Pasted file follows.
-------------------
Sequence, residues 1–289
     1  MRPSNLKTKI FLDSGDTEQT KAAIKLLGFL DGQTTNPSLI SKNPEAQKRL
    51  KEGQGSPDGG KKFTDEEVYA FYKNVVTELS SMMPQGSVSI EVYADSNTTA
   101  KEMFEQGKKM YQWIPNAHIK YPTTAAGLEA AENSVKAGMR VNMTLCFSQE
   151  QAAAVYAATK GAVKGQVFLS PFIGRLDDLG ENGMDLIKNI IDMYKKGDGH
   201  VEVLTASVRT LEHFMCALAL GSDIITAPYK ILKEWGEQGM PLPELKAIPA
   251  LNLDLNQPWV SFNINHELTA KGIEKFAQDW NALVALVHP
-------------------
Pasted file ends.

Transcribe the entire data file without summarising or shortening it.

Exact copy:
Sequence, residues 1–289
     1  MRPSNLKTKI FLDSGDTEQT KAAIKLLGFL DGQTTNPSLI SKNPEAQKRL
    51  KEGQGSPDGG KKFTDEEVYA FYKNVVTELS SMMPQGSVSI EVYADSNTTA
   101  KEMFEQGKKM YQWIPNAHIK YPTTAAGLEA AENSVKAGMR VNMTLCFSQE
   151  QAAAVYAATK GAVKGQVFLS PFIGRLDDLG ENGMDLIKNI IDMYKKGDGH
   201  VEVLTASVRT LEHFMCALAL GSDIITAPYK ILKEWGEQGM PLPELKAIPA
   251  LNLDLNQPWV SFNINHELTA KGIEKFAQDW NALVALVHP